Fathers, You Deserve Hell (Sailor Records, 2019)

Denver-based hardcore unit Fathers have released a scathing indictment of the current political situation with their latest album, You Deserve Hell.

Consisting of Oscar Ross on vocals, Eddie Maestas and Zach Amster on guitars, Mhyk Monroe on bass, and Ryan Dewitt on drums, Fathers construct an album overflowing with anger and emotion, often using the most basic elements of music in surprisingly complex ways.

Album opener, “O’Malley," is an excellent example of Fathers modus operandi. The song starts with a simple, discordant guitar figure. The band pops in and out though at unexpected intervals, interjecting itself with bursts of fury and noise, continuously ratcheting up the tension. They strive for a satisfying release but never find it, instead leaving the listener in an anxious, almost paranoid state that tends to reflect that reflects the mindset of the average westerner today.

The song is in some ways incredibly basic, the band orbiting around that one single guitar part, yet the dancing in and out of all the other instruments gives a great sense of unpredictability, never allowing the listener’s mind to wander without missing the song’s next event.

The album blazes forward from there. “Sunday” starts with a vicious D-beat while Ross walks a fine line between screaming and melody, giving the vocals a memorable quality while keep the adrenaline ramped up. The song contains a fairly melodic chorus as well as quieter bridge section, all illustrating that with Fathers, the devil is in the detail. “Friend of a Friend” and “Old Devil” both evoke the power of Quicksand, albeit much heavier, yet the latter drops into another mellower section halfway through, a lone guitar engaging in just a few atmospheric strums. When the band comes back, we are treated to a moody bit of interplay, almost like staring up at a desert sky.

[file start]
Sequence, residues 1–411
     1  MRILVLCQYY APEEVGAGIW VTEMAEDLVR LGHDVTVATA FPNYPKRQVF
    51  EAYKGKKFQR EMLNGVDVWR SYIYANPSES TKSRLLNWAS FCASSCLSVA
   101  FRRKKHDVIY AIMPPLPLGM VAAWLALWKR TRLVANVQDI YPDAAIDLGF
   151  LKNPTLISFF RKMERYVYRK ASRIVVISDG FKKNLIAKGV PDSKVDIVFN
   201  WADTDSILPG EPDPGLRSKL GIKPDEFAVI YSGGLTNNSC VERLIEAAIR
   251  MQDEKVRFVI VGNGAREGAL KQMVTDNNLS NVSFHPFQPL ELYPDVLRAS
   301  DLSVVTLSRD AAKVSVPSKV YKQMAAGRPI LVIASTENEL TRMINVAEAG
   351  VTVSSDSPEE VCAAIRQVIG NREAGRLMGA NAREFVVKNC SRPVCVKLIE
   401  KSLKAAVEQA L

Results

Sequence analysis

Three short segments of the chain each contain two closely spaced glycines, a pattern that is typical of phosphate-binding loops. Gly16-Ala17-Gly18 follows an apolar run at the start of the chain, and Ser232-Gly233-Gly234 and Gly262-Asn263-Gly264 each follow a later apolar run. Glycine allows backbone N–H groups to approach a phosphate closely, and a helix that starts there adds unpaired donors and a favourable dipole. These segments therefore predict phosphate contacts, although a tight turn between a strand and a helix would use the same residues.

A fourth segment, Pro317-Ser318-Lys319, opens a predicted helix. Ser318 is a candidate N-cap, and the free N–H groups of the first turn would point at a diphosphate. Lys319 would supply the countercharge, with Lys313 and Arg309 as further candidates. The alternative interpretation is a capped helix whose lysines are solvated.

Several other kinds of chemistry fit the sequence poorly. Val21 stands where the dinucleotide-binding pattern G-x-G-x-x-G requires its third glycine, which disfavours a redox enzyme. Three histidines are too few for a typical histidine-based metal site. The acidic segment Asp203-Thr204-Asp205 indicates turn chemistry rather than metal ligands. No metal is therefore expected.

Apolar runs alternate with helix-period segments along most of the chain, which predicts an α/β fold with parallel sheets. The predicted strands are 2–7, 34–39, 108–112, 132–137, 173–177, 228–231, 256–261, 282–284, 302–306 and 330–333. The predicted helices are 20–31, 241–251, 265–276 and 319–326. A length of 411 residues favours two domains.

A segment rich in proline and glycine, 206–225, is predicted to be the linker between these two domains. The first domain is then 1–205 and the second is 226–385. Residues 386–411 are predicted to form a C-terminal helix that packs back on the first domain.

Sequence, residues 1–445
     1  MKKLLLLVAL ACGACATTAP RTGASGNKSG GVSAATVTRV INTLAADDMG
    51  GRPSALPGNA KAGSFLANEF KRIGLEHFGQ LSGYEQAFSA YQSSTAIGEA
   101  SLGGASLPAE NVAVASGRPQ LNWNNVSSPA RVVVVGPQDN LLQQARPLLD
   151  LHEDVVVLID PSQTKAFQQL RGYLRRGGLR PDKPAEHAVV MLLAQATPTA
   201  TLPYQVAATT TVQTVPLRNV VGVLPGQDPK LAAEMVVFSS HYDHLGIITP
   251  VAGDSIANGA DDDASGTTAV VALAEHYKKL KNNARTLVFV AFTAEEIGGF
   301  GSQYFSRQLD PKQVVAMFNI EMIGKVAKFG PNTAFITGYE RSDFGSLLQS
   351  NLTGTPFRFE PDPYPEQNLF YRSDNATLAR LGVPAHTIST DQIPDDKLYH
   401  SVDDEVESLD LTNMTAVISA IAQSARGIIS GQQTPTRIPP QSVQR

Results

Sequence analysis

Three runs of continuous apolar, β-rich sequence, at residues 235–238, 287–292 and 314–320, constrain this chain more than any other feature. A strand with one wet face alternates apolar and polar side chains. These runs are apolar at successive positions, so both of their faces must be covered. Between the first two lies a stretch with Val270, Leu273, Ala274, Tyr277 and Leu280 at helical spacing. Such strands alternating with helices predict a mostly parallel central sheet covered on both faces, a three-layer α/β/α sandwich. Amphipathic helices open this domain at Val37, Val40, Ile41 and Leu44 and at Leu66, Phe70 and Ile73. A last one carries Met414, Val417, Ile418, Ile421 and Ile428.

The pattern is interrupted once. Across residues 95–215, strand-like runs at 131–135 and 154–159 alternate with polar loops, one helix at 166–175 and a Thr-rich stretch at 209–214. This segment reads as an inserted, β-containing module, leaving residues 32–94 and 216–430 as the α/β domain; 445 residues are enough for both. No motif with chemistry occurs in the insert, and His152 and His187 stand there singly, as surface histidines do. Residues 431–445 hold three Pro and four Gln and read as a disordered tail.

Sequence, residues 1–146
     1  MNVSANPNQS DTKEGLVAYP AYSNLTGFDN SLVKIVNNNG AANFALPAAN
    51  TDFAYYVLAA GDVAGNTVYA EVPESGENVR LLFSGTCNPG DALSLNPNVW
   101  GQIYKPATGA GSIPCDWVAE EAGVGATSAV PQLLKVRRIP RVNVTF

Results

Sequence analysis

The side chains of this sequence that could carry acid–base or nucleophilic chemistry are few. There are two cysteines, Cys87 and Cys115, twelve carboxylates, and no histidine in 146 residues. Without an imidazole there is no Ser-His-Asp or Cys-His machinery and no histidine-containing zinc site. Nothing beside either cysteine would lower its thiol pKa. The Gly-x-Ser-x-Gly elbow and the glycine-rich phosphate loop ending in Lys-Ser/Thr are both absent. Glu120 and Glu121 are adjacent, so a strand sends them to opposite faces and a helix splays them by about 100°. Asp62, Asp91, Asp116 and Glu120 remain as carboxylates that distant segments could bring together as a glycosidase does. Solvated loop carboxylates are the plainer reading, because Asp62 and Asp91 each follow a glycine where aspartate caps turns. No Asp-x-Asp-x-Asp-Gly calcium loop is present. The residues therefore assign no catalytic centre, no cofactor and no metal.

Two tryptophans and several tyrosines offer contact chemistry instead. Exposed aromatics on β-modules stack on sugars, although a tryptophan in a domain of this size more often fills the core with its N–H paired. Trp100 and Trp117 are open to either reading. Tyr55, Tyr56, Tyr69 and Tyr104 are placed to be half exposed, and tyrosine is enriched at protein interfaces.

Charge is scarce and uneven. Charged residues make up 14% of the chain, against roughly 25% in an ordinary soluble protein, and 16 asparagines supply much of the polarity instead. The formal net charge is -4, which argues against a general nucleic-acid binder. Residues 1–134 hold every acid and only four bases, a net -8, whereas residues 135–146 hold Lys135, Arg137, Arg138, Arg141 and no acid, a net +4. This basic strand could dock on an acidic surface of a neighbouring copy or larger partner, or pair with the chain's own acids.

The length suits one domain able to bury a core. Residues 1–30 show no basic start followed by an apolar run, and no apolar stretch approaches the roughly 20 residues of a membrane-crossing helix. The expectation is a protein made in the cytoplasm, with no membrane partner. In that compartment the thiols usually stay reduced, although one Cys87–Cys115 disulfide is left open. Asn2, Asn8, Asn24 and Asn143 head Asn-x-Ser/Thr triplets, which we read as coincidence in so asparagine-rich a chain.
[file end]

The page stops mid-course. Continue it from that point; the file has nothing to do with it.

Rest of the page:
Each song moves from one style of hardcore to the next seamlessly, “Normal” hitting the D-beat once more while “Leak” shows Father equally adept at a metalcore approach. Perhaps the biggest shock is the song “Work”. Here, Fathers engages with the aforementioned desert ambiance in full. An acoustic guitar accompanies a plaintive vocal, while an electric guitar compliments with twangy interjections.

This leads into the penultimate “You Deserve Hell”, the final song on the album. If everything that came before shows Fathers blending disparate Hardcore styles across the whole record, they seem to take all those elements and inject them into this song. Once again, the results are exhilarating. 

Fathers are masters of their craft. Their songs prove quite memorable, delivering rage and melody in equal doses. The fact that the vocals are always screamed with a bit of melody creeping in around the edges might be the key to their cohesion. Clean vocals might have proven a bridge too far, making everything too saccharine. Instead, the emotion is earnest and intact, and You Deserve Hell is powerhouse record, one that will stay stuck in your head long after listening to it. 

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